More Than Surrender
Some days, more often than not, it feels like it is all about to come crashing down hard around you. With nothing but a plank to keep you up in that ocean.
I have these out-of-body moments when for about a minute I stop and look around. It’s usually in the kitchen where plates and pans are stacked way too high and I feel like I’ve been yelling at the kids about something every 10 minutes.
Stop hitting each other. Stop hitting me. Stop fighting over the blocks. Stop ganking all the markers. Stop hitting me. Stop throwing food on the floor. Stop throwing the iPad on the floor. Stop chasing each other. Stop kicking each other. Stop hitting me.
The laptop is on top of some barely used Paleo cookbooks and open on social media with an update about someone’s vacation in Europe or a perfect family Christmas photo, and I’m wondering, What the hell am I doing? The youngest has discovered he can magically color himself into a tiger with the markers, and the twins are trying to make a spiderweb out of yarn that expands the entire downstairs.
“The real “work” of prayer is to become silent and listen to the voice that says good things about me. To gently push aside and silence the many voices that question my goodness and to trust that I will hear the voice of blessing — that demands real effort.”
― Henri J.M. Nouwen, Life of the Beloved: Spiritual Living in a Secular World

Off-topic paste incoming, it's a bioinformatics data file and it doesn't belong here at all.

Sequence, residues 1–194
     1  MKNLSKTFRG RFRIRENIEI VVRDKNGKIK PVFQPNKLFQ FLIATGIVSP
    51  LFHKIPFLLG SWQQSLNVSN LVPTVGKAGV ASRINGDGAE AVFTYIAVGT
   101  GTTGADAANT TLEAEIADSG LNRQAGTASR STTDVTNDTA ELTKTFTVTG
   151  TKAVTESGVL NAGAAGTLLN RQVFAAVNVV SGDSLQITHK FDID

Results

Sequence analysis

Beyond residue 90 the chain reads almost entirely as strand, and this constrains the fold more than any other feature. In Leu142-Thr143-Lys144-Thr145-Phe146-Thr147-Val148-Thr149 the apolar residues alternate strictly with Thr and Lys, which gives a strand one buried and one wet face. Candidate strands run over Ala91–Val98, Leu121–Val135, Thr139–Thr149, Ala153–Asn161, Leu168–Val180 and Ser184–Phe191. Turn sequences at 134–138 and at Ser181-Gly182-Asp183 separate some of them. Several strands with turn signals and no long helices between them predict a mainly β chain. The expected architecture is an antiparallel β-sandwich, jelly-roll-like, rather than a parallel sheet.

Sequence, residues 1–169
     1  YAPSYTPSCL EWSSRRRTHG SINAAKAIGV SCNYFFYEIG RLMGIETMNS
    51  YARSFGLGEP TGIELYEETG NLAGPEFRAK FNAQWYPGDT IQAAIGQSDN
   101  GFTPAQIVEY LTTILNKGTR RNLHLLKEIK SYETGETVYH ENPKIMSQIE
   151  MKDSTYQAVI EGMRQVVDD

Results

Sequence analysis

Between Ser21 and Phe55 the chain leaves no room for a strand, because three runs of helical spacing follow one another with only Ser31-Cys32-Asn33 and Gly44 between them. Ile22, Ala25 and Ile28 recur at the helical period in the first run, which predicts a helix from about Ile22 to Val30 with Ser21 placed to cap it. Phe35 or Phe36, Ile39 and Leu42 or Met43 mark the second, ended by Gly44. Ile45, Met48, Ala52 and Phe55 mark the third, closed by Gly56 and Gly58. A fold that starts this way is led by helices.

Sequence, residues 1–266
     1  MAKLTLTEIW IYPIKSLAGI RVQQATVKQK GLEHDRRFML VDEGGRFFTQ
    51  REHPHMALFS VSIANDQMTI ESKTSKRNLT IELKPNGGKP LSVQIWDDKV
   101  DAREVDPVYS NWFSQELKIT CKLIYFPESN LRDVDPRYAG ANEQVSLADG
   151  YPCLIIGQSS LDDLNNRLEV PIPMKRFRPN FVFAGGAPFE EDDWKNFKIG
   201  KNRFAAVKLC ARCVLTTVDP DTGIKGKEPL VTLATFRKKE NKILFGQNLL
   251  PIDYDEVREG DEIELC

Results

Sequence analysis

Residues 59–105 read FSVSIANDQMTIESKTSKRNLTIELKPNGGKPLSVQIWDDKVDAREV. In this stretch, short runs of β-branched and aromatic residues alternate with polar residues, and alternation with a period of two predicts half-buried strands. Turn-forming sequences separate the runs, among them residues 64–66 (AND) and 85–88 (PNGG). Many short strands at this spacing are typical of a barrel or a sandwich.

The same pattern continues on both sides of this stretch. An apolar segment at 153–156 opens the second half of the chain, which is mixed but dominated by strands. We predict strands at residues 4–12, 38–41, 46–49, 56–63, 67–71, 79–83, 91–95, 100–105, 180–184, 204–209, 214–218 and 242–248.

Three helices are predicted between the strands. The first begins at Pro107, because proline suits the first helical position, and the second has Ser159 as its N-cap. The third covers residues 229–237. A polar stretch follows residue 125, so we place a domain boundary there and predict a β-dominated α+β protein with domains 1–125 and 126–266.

Before I spiral down into complete and utter despair, I come across a quote on an Instagram account about surrender by one of the great theological writers of our time, and I automatically think: Yeah, easy and awesome to surrender when you don’t have to negotiate who’s turn it is to pick the Wild Kratts episode for three children under the age of 5 all day long.
I stop, and ponder it for a moment. No spouse, no children, no work really but to come up with profound insights about the contemplative life. Of course, solitude and quiet, surrender and trust, and prayer are all totally attainable! So I laugh, thinking about the last time I had enough mental and emotional space to engage the quiet in a way that fed my soul. It was when I was on pilgrimage to a monastic community in France called Taizé. Six months ago.
I push through dinner and when it is finally consumed — all the milk drunk to the dregs, and plates with crumbs and crusty forks, I force them into their crocs and outside. So, I can breathe for a moment. So, I can gather the pieces of my sanity together to push through to bedtime. I ponder surrender again, and how it’s less leaning in and more giving in. Giving into these moments and then honestly, with my whole, desperate self, asking for help to see what matters in the moment. I look out the window and see them making a leaf pile to jump in. It’s September. I laugh and laugh because that is one tiny stack of leaves but they are giddy. No longer do I sink into some kind of oblivion but I find a way to step out into those waves, and I can stumble forward to the one calls me in faith.
It’s like a droplet of grace. And, it’s enough. Then, later they apologize to me for yelling and I apologize, too, and it’s the strangest, fullest cup of grace I’ve ever tasted in my life.
“Remember, you are held safe. You are loved. You are protected. You are in communion with God and with those whom God has sent you. What is of God will last. It belongs to the eternal life. Choose it, and it will be yours.”
― Henri J.M. Nouwen, The Inner Voice of Love